otnoT – Six Sentence Story

Artwork by Phil Burns

This challenge is produced by GirlieOnTheEdge with the following simple rules:
Write 6 Sentences. No more. No less.
Use the current week’s prompt word – INGREDIENT

Click here to hear the author read his words:


He tells me that he was brought up by the Cherokee, his mother was half Comanche and half something else that he mumbles with his head turned away so I can’t hear, and that his father was ‘probably from some rubbish tribe across the other side of the mountains, or maybe the milkman’.

I tell him that I was born in Toonheid (Townhead to you posh folk), that my mum was from the Garngad (where they spell culture with a k) and my dad from the Calton (where, throughout recorded history, they have never found the need to ever spell culture), none of which has even a nodding acquaintanceship with the better districts of Glasgow.

I call him otnoT because, in the time I’ve known him, he has done so, oh so many things, that he ought not to have.

He calls me Kemo Sabe which, I’ve discovered, loosely translates as I-find-it-unbe-jolly-lievable-that-you-remain-as-yet-unscalped-you-numpty.

I explain to him about our Highland games, how we eat haggis, where no single ingredient is as important as the sauce, uisge beatha, which you call fire-water, play bagpipes and throw tree-trunks about the place while dancing around swords wearing kilts (us, that is, not the swords).

He scowls at me through his war-paint, pauses for a moment from paring his toenails with a tomahawk, and grumbles (in an impressive display of confused ethnicity) ‘Jings, crivvens and michty me, these palefaces call us savages…’

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30 Responses to otnoT – Six Sentence Story

  1. ladysighs says:

    I like the story for its wit and humor. But after the laughter ……

    To me it is a universal story. One could fill in the blanks with different people/nationalities/language etc. We all misunderstand others in some way. We can’t legislate to change our prejudices, but perhaps stories can help us rethink and understand them.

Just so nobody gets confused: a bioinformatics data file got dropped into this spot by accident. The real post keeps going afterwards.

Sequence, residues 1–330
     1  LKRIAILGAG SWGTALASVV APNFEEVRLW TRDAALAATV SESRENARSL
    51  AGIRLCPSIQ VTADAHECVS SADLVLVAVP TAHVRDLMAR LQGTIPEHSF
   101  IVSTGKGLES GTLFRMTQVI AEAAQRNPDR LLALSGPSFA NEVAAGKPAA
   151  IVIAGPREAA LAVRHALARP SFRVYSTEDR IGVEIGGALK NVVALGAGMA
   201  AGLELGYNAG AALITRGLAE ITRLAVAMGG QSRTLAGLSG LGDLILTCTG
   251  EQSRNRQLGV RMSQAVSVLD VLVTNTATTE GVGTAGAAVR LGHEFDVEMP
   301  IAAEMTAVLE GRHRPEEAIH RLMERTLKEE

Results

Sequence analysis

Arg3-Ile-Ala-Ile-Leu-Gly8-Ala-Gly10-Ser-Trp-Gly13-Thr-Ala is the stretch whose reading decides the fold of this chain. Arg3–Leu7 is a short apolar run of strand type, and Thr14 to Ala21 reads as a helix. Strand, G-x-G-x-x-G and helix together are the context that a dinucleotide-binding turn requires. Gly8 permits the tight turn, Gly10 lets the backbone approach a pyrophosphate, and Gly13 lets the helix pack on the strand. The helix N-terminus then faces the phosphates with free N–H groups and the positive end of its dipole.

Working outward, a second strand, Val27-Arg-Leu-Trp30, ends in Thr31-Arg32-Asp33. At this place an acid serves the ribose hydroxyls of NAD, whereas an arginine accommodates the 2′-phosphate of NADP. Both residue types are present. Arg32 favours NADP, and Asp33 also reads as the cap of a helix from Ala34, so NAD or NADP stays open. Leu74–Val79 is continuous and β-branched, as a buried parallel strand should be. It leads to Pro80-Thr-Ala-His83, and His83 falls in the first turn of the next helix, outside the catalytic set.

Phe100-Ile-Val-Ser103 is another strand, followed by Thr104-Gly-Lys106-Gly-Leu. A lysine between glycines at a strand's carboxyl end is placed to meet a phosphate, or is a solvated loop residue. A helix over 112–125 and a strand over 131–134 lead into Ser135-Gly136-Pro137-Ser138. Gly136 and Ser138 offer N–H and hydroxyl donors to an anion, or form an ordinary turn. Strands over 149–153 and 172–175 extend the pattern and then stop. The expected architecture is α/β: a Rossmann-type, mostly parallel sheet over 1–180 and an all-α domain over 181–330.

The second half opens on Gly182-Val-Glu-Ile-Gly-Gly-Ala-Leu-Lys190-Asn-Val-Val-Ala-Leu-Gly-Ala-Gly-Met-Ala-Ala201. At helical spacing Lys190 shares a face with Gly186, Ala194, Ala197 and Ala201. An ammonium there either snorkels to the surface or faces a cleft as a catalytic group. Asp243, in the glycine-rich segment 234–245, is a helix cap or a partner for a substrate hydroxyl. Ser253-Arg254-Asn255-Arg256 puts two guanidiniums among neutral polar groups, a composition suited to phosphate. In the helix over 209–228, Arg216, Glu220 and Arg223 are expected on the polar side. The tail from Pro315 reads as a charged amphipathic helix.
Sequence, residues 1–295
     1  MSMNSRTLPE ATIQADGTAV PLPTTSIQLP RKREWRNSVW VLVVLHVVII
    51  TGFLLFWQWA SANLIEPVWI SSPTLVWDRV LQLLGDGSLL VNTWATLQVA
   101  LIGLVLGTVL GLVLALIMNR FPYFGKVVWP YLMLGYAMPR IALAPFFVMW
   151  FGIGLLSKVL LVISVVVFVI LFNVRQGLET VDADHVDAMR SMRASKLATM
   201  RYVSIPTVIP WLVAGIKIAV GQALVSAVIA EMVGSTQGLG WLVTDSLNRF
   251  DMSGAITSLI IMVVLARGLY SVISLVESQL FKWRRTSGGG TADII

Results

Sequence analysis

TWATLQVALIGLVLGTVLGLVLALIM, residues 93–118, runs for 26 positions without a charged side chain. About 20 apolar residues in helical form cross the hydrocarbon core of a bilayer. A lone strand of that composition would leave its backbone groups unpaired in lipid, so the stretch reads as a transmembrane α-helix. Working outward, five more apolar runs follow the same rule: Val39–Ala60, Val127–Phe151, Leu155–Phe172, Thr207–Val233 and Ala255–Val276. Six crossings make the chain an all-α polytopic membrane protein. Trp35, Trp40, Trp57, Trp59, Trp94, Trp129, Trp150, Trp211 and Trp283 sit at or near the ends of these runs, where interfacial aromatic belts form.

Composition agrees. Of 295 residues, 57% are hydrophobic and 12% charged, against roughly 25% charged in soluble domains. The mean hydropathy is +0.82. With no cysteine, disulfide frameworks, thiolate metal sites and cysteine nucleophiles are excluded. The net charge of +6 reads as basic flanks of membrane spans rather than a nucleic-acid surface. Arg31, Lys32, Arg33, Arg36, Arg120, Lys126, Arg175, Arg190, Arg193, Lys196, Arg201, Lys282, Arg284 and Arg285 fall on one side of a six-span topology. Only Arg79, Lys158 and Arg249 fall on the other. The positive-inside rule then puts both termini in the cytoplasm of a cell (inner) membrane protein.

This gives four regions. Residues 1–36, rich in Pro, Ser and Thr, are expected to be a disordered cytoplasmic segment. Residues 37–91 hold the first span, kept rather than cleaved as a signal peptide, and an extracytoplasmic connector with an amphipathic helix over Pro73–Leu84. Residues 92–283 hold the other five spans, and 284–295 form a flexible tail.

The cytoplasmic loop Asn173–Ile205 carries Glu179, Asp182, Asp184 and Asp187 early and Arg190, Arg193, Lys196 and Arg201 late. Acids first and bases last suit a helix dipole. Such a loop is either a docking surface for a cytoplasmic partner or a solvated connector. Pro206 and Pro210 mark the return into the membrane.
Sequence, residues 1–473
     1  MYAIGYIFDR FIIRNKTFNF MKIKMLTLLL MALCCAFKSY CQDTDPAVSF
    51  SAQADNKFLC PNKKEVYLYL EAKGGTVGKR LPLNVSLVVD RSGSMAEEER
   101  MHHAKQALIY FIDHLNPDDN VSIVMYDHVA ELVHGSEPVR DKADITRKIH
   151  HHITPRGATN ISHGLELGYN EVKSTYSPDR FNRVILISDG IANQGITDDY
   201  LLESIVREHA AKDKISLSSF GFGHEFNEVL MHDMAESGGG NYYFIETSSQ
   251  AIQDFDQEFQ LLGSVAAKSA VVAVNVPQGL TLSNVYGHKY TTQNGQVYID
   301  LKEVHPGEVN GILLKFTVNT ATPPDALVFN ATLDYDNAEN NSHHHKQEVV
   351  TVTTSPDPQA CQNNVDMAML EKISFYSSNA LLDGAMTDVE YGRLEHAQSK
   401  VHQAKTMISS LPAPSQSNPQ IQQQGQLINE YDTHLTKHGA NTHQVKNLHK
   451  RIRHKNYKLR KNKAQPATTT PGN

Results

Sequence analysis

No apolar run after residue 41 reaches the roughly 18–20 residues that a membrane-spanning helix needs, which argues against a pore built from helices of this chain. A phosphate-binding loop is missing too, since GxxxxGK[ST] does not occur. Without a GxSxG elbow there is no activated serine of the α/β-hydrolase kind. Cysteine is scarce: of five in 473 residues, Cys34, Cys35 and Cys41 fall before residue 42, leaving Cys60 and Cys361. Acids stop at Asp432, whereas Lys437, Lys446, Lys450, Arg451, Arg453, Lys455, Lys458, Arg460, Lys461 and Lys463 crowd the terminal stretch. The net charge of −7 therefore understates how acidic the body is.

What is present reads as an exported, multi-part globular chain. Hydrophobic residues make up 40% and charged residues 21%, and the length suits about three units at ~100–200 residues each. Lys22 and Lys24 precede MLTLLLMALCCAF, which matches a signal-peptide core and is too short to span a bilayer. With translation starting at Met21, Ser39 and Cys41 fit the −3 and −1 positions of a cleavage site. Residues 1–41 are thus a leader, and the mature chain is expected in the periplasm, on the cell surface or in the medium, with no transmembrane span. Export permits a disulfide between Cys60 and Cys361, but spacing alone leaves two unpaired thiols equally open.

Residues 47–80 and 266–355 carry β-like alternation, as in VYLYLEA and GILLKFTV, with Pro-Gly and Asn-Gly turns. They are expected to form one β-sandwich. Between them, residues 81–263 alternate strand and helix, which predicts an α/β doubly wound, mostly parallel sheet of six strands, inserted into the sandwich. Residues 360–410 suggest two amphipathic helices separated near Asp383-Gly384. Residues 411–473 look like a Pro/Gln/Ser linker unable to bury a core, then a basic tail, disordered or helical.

Lovely Pair of Pajamas


  2. Yes, a highly entertaining kultural exchange. Bravo.


  3. Zelda Winter says:

    As soon as I clicked on your story I remembered how much I’d enjoyed yours from last week–so I was fully primed for another good one, and you did NOT disappoint, Sir!!


  4. Kulture is in the eye of the beholder. Excellent story.


  5. UP says:

    well it’s no longer morning, but i did apppreciate the chuckle! good six


  6. clark says:

    (bright-yellow flicker of a convenience store lighter behind the where the patrons become indistinguishable from the dark of the Six Sentence Café and Bistro… eyes and ears directed towards the Wollensak sitting on a plain wooden chair on the small stage.)


  7. Reena Saxena says:

    Imaginative character building of so-called savages 🙂


  8. Always enjoy seeing a well-placed ‘jings’ or ‘crivvens’ in a story. I was scratching my head as to what the heck “otnoT” could mean… then came the ref to Lone Ranger, ah! (and in my head I heard: Hi ho Silver, away! or something like that).
    Excellent work CE. Big smile throughout 😁


  9. Chris Hall says:

    An admirable piece. I love a chuckle in the morning! 🙂


  10. Absolutely excelled your self this week, you Franco-Scot, you. Laughed all the way through. Just one factual correction: as Gary Larsen’s ‘The Far Side’ advised some time ago, ‘kemo sabe’ as applied to the Lone Ranger is Comanche for ‘horse’s ass’.


  11. Frank Hubeny says:

    I love your translation of “kemo sabe”: “I-find-it-unbe-jolly-lievable-that-you-remain-as-yet-unscalped-you-numpty”. Also using a tomahawk on one’s toenails.


  12. jenne49 says:

    What a fun and, I’m fairly certain, unique kultural exchange. (Barrhead = the Garngad)
    otnoT is brilliant, as a name and a character.
    And yes, the whole colonial era summed up in the last sentence.
    As well as the solution to the missing part of his mother’s DNA?


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